May 2013 Vol. 111 No. 7 THE REVIEW

Law-Enforcement Officers and Self-Help Repossession: A State-Action Approach

Aaron Loterstein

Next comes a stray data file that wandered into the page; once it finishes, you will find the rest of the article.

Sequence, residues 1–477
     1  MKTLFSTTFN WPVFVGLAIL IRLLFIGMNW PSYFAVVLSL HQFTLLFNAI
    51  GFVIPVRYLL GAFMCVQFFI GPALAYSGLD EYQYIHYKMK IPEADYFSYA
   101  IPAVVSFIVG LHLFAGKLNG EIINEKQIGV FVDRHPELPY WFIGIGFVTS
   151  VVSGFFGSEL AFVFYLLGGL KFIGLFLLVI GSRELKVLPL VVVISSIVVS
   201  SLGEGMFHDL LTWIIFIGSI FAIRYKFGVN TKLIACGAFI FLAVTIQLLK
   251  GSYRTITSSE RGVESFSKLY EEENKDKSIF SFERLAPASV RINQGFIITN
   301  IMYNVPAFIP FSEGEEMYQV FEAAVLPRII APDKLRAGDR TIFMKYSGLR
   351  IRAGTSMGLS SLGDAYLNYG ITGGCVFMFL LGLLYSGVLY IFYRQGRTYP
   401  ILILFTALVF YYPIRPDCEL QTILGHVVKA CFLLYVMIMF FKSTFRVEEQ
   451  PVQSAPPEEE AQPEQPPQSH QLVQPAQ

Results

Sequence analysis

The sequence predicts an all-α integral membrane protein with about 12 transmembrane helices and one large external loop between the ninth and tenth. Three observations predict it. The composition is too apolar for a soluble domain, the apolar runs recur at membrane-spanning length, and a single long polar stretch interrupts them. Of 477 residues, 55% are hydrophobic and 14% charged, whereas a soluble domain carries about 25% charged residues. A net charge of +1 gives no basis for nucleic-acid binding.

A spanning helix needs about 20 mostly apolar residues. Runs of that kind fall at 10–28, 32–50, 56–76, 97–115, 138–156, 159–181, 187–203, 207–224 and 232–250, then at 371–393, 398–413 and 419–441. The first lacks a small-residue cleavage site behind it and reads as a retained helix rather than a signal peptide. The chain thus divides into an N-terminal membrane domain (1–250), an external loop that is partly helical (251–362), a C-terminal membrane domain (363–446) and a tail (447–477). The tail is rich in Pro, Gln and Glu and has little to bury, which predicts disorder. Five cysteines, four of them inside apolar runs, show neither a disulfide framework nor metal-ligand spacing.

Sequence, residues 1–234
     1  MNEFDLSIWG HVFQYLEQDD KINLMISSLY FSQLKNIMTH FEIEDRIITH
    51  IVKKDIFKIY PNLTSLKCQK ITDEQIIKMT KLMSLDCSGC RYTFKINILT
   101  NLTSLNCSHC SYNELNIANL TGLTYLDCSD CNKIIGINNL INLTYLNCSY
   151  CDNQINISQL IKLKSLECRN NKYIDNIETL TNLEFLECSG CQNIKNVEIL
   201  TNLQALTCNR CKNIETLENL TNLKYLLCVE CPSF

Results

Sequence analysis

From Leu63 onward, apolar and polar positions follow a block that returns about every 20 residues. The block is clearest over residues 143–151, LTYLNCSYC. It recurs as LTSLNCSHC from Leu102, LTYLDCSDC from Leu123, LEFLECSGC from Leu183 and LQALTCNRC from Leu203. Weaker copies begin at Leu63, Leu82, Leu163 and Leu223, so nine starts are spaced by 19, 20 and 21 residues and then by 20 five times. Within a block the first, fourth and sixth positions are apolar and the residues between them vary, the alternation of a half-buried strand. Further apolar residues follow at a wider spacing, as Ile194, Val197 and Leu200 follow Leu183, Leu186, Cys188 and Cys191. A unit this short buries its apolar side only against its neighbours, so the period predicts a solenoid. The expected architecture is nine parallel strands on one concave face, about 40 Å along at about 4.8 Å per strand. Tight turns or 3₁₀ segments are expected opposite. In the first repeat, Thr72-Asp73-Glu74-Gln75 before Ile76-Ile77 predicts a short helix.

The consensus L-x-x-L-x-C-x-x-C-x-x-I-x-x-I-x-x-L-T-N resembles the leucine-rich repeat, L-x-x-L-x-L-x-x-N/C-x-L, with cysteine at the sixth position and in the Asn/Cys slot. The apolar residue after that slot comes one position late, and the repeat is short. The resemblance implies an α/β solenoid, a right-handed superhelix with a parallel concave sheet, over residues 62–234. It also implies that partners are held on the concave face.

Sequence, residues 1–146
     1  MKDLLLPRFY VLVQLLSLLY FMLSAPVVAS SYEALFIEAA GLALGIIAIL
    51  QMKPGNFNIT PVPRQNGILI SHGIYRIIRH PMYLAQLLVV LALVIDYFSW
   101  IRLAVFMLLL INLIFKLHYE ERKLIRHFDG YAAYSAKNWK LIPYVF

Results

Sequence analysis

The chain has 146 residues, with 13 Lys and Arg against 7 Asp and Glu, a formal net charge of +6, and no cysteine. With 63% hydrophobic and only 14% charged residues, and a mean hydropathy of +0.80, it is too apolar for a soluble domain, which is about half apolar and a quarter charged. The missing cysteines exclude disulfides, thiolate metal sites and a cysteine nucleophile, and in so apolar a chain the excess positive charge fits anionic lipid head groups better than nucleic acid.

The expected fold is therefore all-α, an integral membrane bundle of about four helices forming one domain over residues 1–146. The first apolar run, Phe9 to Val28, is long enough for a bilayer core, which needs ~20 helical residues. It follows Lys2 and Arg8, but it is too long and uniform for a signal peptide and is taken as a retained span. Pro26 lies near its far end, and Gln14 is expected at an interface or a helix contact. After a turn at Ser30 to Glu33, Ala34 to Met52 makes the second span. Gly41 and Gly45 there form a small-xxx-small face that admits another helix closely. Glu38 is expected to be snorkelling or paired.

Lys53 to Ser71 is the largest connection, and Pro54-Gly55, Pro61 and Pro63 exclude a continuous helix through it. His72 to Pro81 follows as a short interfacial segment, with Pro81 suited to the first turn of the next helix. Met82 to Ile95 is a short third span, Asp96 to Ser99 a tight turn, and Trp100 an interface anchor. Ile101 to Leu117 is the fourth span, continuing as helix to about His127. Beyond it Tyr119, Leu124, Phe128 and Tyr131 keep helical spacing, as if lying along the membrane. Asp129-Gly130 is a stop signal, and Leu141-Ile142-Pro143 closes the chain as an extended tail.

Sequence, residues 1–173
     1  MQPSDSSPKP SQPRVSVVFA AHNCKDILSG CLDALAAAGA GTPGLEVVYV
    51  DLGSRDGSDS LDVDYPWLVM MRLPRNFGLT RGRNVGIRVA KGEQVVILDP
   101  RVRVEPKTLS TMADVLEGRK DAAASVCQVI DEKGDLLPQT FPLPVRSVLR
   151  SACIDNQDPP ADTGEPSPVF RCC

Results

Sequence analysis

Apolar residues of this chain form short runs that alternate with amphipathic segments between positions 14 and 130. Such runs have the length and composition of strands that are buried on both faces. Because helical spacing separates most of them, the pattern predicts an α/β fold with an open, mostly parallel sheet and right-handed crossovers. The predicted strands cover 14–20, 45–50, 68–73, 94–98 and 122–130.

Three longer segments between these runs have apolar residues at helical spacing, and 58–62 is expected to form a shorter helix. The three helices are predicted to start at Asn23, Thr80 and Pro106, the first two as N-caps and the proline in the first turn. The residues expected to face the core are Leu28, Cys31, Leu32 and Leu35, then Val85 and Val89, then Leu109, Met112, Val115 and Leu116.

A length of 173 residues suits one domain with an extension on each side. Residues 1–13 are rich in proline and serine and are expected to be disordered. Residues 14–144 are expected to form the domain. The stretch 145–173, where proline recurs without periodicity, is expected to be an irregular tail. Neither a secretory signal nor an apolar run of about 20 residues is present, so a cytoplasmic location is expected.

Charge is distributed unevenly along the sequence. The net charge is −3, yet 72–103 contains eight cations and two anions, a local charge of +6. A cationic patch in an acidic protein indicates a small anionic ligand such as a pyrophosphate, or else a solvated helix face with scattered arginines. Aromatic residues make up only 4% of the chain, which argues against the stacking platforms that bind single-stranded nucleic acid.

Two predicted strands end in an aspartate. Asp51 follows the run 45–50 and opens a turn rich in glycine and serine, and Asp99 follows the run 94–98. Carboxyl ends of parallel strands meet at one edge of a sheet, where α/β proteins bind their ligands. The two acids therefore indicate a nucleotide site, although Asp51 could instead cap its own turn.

Repossession of secured collateral is a fundamental component of the consumer credit industry. The Uniform Commercial Code authorizes a secured party to engage in self-help repossession of secured collateral under section 9-609, so long as the repossession takes place without "breach of the peace." While that term is undefined, several courts have adopted a counterintuitive rule, holding that a law-enforcement officer's presence during a self-help repossession-regardless of purpose or level of involvement-creates a breach of the peace. The Official Comments to the Code have seemingly endorsed this position as well. This Note rejects the primary justifications courts have offered to justify a bright-line rule and makes clear that an officer's involvement in self-help repossession is unrelated to breach of the peace. The correct approach to law-enforcement-officer involvement in self-help repossessions asks whether the officer's presence constitutes state action. An officer's involvement should only invalidate a repossession where it is deemed state action sufficient to trigger a constitutional violation under section 1983. In such cases, the repossession is not of the sort authorized by section 9-609 and would therefore be wrongful, rather than a breach of the peace. In accordance with this approach, this Note concludes with a proposal for a modified Official Comment to section 9-609.

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